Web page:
Democrats are bracing for a more emboldened President Trump now that his acquittal is at hand, beginning with Tuesday’s State of the Union address before a nationally televised audience.

Rather than seeking to unify Congress and the nation with remorse, Democrats expect Trump to ratchet up his rhetoric of grievance on the eve of Senate impeachment votes that are all but certain to acquit him for abuse of power and obstructing Congress.

“Whatever happens he claims that it’s a victory for him, in many instances when it’s far from it. So that’s what he’ll say,” Sen. Amy Klobuchar (D-Minn.), a 2020 presidential contender, said during a break in Monday’s closing arguments by the prosecutors and the president’s defense team.

“For a while he might almost be like a cartoon-figure president,” said Sen. Richard Blumenthal (D-Conn.), comparing the president to the Incredible Hulk breaking off chains holding him down. “The guardrails are gone.”

A day shy of the one-year mark since the 2019 presidential address, this speech will have some of the similar trappings in a political landscape that is far different.

House Speaker Nancy Pelosi (D-Calif.) will again being wearing white, sitting behind Trump and next to Vice President Pence, in honor of the suffragist movement, according to an adviser. Dozens of Democratic women will also be wearing white, an echo of last year’s address when they celebrated their record numbers following the 2018 midterm elections and the new Democratic majority.

Trump, having just been embarrassed over a 35-day partial shutdown of the government, took a moment to praise the 100-year anniversary of the 19th Amendment and how there are “more women serving in Congress than at any time before.”

Pelosi gave Trump an almost mocking clap at one point, an instant viral moment.

Now, however, the president comes to the House chamber having been impeached by Pelosi and House Democrats and on the verge of an acquittal in the Senate — with the added bonus of the majority of senators voting to acquit and possibly one or two Democrats.

Pelosi seems to be expecting the worst. “Does the president know right from wrong? I don’t think so. That’s all I can say to you,” she told reporters Thursday, when asked if Trump would be humbled by impeachment or empowered by the acquittal.

Pelosi’s guests for Tuesday’s speech are expected to be symbols of soaring health-care costs and victims and survivors of gun violence. In a sign they want to move beyond discussing impeachment, most Democrats who have announced their guests are similarly focused on health care as the issue they want to put forward.

Republicans do not want Trump to use his State of the Union platform as a grievance cudgel against Democrats, but they also know that their views of decorum are often ignored by this president. “We’re not done tomorrow, and I don’t think it’s appropriate for him to bring up,” Sen. James Lankford (R-Okla.) said. “But he is his own person.”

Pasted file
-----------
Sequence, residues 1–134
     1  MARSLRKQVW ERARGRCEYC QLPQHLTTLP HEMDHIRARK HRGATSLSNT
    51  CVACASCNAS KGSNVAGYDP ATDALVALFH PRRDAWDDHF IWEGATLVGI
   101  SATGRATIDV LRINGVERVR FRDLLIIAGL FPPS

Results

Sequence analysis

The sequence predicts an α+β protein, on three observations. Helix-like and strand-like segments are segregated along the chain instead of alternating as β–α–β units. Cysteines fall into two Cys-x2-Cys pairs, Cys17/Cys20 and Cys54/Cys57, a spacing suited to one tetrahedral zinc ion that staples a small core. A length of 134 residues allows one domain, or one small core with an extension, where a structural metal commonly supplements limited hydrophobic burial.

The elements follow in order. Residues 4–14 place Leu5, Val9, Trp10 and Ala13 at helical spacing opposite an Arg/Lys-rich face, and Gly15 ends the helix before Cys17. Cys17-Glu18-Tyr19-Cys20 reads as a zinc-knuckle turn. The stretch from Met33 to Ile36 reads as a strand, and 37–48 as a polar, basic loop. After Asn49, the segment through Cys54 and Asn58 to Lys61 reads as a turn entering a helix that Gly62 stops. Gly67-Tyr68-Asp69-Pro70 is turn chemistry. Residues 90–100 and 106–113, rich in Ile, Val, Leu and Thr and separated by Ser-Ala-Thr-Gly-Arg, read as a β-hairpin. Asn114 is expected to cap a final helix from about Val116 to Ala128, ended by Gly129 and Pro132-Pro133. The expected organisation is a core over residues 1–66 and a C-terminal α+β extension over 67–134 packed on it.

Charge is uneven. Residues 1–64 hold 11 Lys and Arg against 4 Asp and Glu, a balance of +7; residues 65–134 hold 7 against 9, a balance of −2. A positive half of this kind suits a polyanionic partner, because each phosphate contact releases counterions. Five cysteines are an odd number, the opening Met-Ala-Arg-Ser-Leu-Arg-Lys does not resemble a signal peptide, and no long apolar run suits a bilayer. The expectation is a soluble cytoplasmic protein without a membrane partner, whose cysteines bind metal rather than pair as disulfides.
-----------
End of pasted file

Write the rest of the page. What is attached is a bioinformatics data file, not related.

Lankford wants Trump to keep the impeachment talk to political rallies. “At official events, not so much,” he said. “I don’t think the State of the Union is the place for it.”

Some Republicans and Democrats held out hope that Trump would use the annual address in a manner similar to Bill Clinton, who in 1999 delivered the address in the middle of his presidential impeachment trial.

Over 77 minutes Clinton focused entirely on policy, never mentioning his trial. Trump will not formally have been cleared, but the president knows the outcome is preordained. He has usually stuck to the script in his prepared remarks at his first three joint addresses to Congress, relishing the chance to have the political stage all to himself.

He could choose to seize the moment and air his frustrations with Pelosi for leading the House to make him only the third president to have ever been impeached.

“The vote will not have occurred yet. I hope not, I hope he doesn’t do that. I think that would simply inflame things further, but I have no idea,” said Sen. Angus King (I-Maine), who caucuses with Democrats.

Regardless, King is expecting Trump’s next few weeks to be particularly outlandish.

“Principally because he’s expressed no remorse or understanding that he did anything wrong,” he said. “So why should he hold back? That’s what worries me.”

As he closed out the House managers’ case, Rep. Adam B. Schiff (D-Calif.) made that point to a cast of Senate Republicans who had already rejected his pleas to bring witnesses and documents sought in the trial. Schiff said that “even a single vote” by a Republican to convict Trump would be a victory, at least sending a signal that some GOP senators were willing to defy the president.

Otherwise, he said, “He will not change, and you know it.”

Schiff warned that a full acquittal by Republicans would give Trump free will to encourage other foreign powers to help his 2020 reelection.

“He has done it before, he will do it again,” Schiff said.

Klobuchar, however, said that her experience on the campaign trail had given her a level of optimism about voters. At Monday night’s Democratic caucuses in Iowa, two former GOP state legislators will be supporting her campaign, a sign that, she believes, shows the difference between Republicans in Washington and those across the country.

“Maybe in this place a bunch of the Republicans, when he says jump, they say how high. That’s not true of regular people out there,” Klobuchar said.

These Republicans, in her mind, have given Democrats a chance to win the case against Trump before the ultimate jury, voters in the 2020 election, and they support what Democrats have done so far.

“They think this is going to be a decency check on this president, a patriotism check,” Klobuchar said. “So he can claim victory all he wants, depending on what happens Wednesday, but I think people know what went on here.”